• Towel and linen recycling programs exist.
• Paper straws have replaced plastic straws throughout the hotel.
• Recycle receptacles are located in each guestroom.
The College of Charleston’s Zero Waste Program also volunteered for the symposium with the goal of making the 2019 ISTS a zero-waste conference. The Zero Waste Program is managed by the College of Charleston’s Office of Sustainability, which works closely with the College’s Dining Services (Aramark) and the organics hauling company SMART Recycling to divert as much organic waste from the landfill as possible. The Zero Waste Team consists of College of Charleston undergraduates and recent graduates. We thank Dr. Ashley Lavender for arranging this partnership between the ISTS and the College of Charleston.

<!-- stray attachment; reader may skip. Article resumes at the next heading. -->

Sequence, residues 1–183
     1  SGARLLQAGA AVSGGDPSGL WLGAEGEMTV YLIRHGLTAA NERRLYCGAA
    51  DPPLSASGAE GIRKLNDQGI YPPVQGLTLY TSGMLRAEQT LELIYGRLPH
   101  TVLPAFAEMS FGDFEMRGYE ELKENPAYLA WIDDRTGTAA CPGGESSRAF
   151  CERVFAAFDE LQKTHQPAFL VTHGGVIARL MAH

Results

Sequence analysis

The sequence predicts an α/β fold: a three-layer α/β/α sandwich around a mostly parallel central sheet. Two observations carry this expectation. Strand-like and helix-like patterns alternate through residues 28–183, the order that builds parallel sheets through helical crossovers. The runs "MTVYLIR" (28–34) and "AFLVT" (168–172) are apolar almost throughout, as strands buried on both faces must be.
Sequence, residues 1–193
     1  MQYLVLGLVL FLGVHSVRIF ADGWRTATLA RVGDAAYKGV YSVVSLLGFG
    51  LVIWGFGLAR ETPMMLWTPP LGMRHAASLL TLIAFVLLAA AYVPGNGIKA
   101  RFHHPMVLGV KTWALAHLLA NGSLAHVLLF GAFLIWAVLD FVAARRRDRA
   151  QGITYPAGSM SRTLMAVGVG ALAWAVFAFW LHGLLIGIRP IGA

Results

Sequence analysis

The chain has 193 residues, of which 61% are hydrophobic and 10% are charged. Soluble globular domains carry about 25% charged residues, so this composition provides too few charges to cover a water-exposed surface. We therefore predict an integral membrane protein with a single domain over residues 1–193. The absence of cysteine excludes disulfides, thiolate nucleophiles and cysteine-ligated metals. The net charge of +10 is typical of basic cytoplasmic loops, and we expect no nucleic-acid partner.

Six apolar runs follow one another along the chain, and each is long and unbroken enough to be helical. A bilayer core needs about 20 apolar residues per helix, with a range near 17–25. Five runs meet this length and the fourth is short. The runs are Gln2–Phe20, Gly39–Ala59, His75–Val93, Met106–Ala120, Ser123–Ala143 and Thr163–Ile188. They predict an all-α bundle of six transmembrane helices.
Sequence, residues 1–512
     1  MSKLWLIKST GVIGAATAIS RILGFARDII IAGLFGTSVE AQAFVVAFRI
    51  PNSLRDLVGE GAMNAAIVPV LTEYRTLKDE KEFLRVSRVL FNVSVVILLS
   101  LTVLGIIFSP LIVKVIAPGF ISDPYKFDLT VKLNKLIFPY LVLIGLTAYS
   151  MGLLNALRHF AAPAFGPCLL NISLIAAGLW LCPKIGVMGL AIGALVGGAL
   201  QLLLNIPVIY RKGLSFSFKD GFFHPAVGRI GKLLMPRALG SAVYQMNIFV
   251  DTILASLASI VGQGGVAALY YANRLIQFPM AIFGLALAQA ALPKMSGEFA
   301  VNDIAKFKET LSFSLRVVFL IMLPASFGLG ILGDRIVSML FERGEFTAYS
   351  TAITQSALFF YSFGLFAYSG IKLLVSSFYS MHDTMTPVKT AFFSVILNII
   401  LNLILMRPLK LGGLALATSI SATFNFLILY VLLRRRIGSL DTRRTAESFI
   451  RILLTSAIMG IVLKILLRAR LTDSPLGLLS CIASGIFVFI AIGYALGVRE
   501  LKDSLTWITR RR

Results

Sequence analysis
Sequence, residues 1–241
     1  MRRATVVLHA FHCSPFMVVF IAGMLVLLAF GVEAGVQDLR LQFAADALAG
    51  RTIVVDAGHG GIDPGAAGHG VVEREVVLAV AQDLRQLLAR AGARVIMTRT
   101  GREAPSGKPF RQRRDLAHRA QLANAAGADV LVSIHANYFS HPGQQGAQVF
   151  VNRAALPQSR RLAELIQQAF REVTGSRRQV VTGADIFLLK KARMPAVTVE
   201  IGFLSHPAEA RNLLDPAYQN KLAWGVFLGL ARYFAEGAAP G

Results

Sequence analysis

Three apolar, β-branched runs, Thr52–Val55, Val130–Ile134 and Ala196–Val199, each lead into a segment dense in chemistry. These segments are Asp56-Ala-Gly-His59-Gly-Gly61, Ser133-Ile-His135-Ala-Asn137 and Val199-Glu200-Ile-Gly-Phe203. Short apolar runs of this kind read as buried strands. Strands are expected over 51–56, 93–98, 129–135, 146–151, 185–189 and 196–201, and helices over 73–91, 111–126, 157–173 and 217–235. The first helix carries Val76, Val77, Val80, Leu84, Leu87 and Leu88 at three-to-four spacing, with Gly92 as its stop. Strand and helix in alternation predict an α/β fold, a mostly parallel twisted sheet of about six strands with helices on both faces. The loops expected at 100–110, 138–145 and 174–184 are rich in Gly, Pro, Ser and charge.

Workshops and Regional Meetings. Workshops and regional meetings were scheduled during the three days prior to the main four-day symposium. These early events provided participants with opportunities to share research techniques and exchange information about environmental and sea turtle conservation issues. The workshops and meetings attracted a large number of attendees and were highly successful. A total of twenty-five workshops were held: (1) Sea Turtle Rehabilitation and Veterinary Medicine; (2) Unmanned Aerial Vehicles (Drones): Problem-solving, Turnkey Systems, and What’s Next; (3) Captive Rearing for Research and Conservation; (4) Does What We Do Matter? The Critical Need to Evaluate and How To Do It; (5) Geographic Information System; (6) Advanced Veterinary Techniques; (7) Migratory Connectivity in the Ocean: Global Sea Turtle Migratory Routes and Connected Areas; (8) Temperature-dependent Sex Determination: From Molecular Biology to Evolutionary Ecology; (9) Reproductive Physiology: What Turtle Gonads Reveal and How to Read Their Secrets; (10) Recreational Fishing Interactions with Sea Turtles; (11) Beyond the Brochure: Creating a Meaningful Education Component to Help Secure your Research Grant; (12) Global Perspectives on Photo ID as a 21st Century Tool for Sea Turtle Research and Conservation; (13) Getting the Most out of Satellite Telemetry for Marine Turtles; (14) Marine Debris and Sea Turtles; (15) Environmental Contaminants and Sea Turtles; (16) Tortoiseshell Trade: Current Status and Outreach Effort; (17) Finding the Solution for Light Pollution through Collaborative Management; (18) How Engineered Beaches Change Sea Turtle Nesting and Incubation; (19) Measuring and Mitigating Rising Nest Temperatures; (20) Assessing Trends in the Biodiversity of Marine Turtles from 2010-2020 to Contribute to the 2nd United Nations World Ocean Assessments; (21) Eastern Pacific Leatherback Workshop; (22) The Global Male Sea Turtle Initiative: Adding Males to the Conservation Equation; (23) How to Fund Sea Turtle Conservation Projects; (24) Updates on the Status of Sea Turtles Worldwide and How Proposed Changes to the U.S. Endangered Species Act Might Affect Them; and (25) Trending Research Topics and Techniques (led by the Student Committee.) In addition to the workshops, seven regional meetings were also held, allowing participants from around the world to discuss specific problems and challenges impacting their regions. These regional meetings included Africa, East Asia, Indian Ocean and South-East Asia (IOSEA), Mediterranean, Pacific Islands/Oceania; Latin America (RETOMALA), and the IUCN Marine Turtle Specialist Group (MTSG).